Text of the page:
Posted by Rob Crawford | Report as abusive

Remember the 90’s without Steve Jobs until 1999 Apple was at a stand still (http://www.scribd.com/doc/176946/Apple- Product-Timeline-Map). I love Apple and want Jobs to make a recovery – but I worry.

Posted by Andril | Report as abusive

God bless Steve Jobs. I hope his health improves rapidly so that he may get on with his life, and the part he plays in the lives of us who are loyal to things Apple. My iMac is the best (fastest, easiest to use, intuitive, well thought out and just plain FUN) computing machine I have ever used and I absolutely love the fact that it accomplishes all that in the form of a true work of art. Funny, I never once felt that about ANY of my heat-belching, crashing, BSOD, Windows PCs…

Seriously, Steve will remain in my prayers for as long as they are needed. It’s really quite nice to have a crush on someone with a BRAIN in addition to their attractive packaging. Just don’t tell my husband I said that….

Posted by MommyWoman | Report as abusive

The people who are going to pray for Mr.Jobs should remember that only about 60 years ago (when I was young) praying for a cure
for a medical problem was very often of no use at all

It is better to put your trust in the current generation of Medical Professions .
They frequently get a good outcome.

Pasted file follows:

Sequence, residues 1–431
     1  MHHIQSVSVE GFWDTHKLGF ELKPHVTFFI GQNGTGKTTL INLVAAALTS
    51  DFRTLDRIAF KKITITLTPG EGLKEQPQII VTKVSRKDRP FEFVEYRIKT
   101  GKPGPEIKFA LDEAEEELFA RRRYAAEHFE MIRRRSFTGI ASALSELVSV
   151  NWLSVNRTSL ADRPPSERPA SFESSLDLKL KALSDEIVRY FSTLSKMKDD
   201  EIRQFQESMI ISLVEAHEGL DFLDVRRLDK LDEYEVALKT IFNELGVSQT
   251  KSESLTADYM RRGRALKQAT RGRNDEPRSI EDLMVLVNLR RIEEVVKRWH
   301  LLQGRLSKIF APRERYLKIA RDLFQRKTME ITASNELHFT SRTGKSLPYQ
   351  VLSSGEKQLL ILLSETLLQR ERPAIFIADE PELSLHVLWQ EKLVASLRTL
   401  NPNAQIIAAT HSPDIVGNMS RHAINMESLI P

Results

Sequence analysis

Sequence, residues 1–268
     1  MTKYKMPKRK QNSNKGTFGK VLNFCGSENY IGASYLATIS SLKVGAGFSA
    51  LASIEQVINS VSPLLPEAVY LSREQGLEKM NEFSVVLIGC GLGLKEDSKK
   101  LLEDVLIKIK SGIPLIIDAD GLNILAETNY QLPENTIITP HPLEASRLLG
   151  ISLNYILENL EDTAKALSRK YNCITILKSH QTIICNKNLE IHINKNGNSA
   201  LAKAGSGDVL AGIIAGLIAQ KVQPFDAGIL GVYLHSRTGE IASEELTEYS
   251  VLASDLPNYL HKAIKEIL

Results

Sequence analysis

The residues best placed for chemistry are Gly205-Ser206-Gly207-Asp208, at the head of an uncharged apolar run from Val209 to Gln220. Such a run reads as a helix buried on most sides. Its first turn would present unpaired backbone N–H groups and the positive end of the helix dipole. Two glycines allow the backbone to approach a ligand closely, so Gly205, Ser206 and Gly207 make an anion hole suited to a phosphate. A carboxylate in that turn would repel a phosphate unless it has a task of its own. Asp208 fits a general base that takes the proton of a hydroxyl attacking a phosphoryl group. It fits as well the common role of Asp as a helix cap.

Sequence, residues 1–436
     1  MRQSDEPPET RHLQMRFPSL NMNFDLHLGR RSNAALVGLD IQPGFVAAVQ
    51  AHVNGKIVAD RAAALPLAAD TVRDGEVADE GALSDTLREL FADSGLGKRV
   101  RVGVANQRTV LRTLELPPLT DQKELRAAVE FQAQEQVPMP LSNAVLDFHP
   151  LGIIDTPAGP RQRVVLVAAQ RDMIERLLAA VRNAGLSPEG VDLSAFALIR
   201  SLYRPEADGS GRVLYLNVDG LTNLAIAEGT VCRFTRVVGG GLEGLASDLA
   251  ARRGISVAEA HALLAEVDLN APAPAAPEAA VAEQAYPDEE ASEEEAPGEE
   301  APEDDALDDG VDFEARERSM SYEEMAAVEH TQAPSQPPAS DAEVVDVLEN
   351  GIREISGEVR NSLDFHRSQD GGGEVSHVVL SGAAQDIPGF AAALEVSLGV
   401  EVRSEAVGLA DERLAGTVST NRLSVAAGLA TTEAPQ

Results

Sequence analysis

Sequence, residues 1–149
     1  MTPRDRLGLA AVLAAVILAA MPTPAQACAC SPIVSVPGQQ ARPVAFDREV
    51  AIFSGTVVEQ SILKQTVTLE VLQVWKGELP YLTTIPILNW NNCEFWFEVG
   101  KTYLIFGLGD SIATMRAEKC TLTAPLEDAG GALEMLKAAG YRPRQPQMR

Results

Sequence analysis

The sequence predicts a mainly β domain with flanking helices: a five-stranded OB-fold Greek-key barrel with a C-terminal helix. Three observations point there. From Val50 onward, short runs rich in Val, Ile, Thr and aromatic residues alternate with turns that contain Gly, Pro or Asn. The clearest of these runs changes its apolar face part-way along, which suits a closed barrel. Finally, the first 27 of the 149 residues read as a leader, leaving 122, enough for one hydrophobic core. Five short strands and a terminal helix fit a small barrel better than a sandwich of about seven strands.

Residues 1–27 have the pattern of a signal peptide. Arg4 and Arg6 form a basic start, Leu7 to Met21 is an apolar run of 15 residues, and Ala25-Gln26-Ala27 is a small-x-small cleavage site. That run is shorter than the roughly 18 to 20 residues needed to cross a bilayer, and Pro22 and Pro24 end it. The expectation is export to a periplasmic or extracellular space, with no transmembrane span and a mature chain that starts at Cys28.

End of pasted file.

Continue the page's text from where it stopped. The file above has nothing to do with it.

Not that most people appreciate them .Still go in for saying “Thank God” when they recover.

Posted by Bruce | Report as abusive

Get well, Steve.

I imagine that Steve Jobs can be an SOB to work for (and I heard the same about Lockheed’s Kelly Johnson). But their people are (were in Johnson’s case) dedicated and darn good at their work. An inspirational manager who knows what he’s doing can be tough cookie to work for but, for the talented, immensely satisfying.

My guess is that Jobs has cultivated a culture at Apple that breeds success.

Rush Limbaugh had an excellent monologue last week praising Steve Jobs’ business acumen and devotion to success at Apple. Rush said the country needs more Steves. Ditto that.

Posted by Robert | Report as abusive

To think that Apple will be the same without Steve is just silly. Steve Jobs is Apple and for anyone not to belive that is just foolish. There are only a few men in our history that have thoughts and visions that others don’t have. Steve is one of those unique men. The Apple name of course will go on but the products will not have the same inovation that we have seen in the past. Apple employees may be great, but you can’t teach vision and thats what will be lost when we loose Steve.
Get well Steve the world needs your vision.

Posted by John Glenn | Report as abusive

Dear Mr Jobs,
I feel for you, I also have pancreatic cancer and it has spread to my liver. I was pregnant and I lost my baby due to my illness. All I can do is cry and pray. You are in my prayers. Sincerely Kimberly Sipes